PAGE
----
2021

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The Illusion of Eye Contact with Telemedicine

33 Charts

I’m big on eye contact with patients. It’s how we show ourselves as humans. The eyes are the windows to the soul. Through them, we build trust, empathy and reciprocity. When I’m with a patient face-to-face it isn’t always possible but I do my best. Like the IRL experience I try to achieve some level of eye contact during telemedicine encounters. But care through a screen presents challenges to eye contact.

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The Power of a COVID-19 Vaccine Sticker

PDC Healthcare

Driving Confidence and Compliance Similar to Flu Shot Stickers, using COVID-19 Vaccine Stickers can help healthcare facilities promote employee vaccinations while also encouraging patients to get vaccinated. The CDC published a full COVID-19 Vaccination Communication Toolkit, which includes sticker templates, to help build confidence about the COVID-19 vaccination among healthcare teams and other staff.

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How to Know if a Dog Is Dangerous to Your Child

Medical Law

Many of our friends and neighbors across the country took the time to adopt dogs this past year, and we applaud their commitment to taking care of our furry friends. Unfortunately, most new dog owners discovered the difficulties of training and socializing a pet during lockdown. Dogs, especially ones that were rehomed or rescues, may have a hard time behaving around strangers, loud noises, and in new areas.

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Advancements in Elastomeric Respirator Technology for Use as Source Control

NIOSH Science Blog

Respirator design is constantly improving and evolving to meet new challenges. Manufacturers have recently developed innovative NIOSH-approved elastomeric half mask respirator (EHMR) designs that both protect the wearer as well as provide adequate source control – protecting others by filtering the wearer’s exhaled air that may contain harmful viruses or bacteria.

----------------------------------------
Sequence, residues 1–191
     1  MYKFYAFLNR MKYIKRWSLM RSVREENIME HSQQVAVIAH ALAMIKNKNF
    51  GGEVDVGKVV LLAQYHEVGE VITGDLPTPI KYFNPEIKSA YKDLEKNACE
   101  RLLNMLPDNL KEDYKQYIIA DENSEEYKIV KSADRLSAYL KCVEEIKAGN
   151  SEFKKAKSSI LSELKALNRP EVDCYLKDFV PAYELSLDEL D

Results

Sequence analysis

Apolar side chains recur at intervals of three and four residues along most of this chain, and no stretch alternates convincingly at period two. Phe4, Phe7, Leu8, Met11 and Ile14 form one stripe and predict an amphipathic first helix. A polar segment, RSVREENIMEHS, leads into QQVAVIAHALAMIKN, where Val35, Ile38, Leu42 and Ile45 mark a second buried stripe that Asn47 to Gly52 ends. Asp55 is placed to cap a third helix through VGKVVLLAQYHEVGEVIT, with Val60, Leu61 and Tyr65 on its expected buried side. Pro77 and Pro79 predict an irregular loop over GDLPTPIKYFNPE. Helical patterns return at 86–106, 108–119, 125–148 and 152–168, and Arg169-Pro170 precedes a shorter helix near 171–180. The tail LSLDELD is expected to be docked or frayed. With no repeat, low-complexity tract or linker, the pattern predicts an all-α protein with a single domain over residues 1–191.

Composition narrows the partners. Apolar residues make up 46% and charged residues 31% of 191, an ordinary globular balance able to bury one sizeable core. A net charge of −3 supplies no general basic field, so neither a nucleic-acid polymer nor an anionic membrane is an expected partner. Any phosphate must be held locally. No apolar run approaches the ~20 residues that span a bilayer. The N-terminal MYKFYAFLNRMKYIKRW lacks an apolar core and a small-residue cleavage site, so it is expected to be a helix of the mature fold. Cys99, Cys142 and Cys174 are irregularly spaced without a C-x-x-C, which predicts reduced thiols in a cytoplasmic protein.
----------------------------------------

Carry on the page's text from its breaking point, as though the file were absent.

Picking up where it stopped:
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ECG Cases 21: Hyperacute T-waves and Occlusion MI

Emergency Medicine Cases

In this month's ECG Cases blog, Dr. Jesse MacLaren guides us through 10 cases of patients whose ECGs show tall T-waves and gives us the tools to distinguish the hyperacute T-waves of occlusion MI from other causes of tall T-waves. The post ECG Cases 21: Hyperacute T-waves and Occlusion MI appeared first on Emergency Medicine Cases.

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Surviving Sepsis 21 | BOUGIE RCT | Humor Med Ed | Rocket Science v Brain Surgery | Christmas Poem

JournalFeed

It’s the JournalFeed Podcast for the week of December 20-24, 2021. We cover Surviving Sepsis 2021, BOUGIE RCT, the role of humor in medical education, the age old question of rocket science vs brain surgery (who is smarter), and a Christmas reflection.

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SGEM#353: At the COCA, COCA for OCHA

The Skeptics' Guide to EM

Date: December 21st, 2021 Guest Skeptic: Dr. Spencer Greaves is an Emergency Medicine resident at Florida Atlantic University. He received his Bachelors in Biomedical Engineering from Marquette University and his Masters in Public Health from Dartmouth College. Spencer completed his medical doctorate at the Medical College of Wisconsin. He and his wife live in Boynton Beach, FL […] The post SGEM#353: At the COCA, COCA for OCHA first appeared on The Skeptics Guide to Emergency Medicine.

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Hip Pain in Pediatrics

Northwestern EM Blog

Written by: Tommy Ng, MD (NUEM ‘24) Edited by: Patricia Bigach, MD (NUEM ‘22) Expert review by : Terese Whipple, MD '20 So your kid won’t walk One of the most common complaints in a pediatric Emergency Department is a child refusing or inability to ambulate. For normal development, a child is typically able to stand at 9 months, walk at 12 months, and run at 18 months.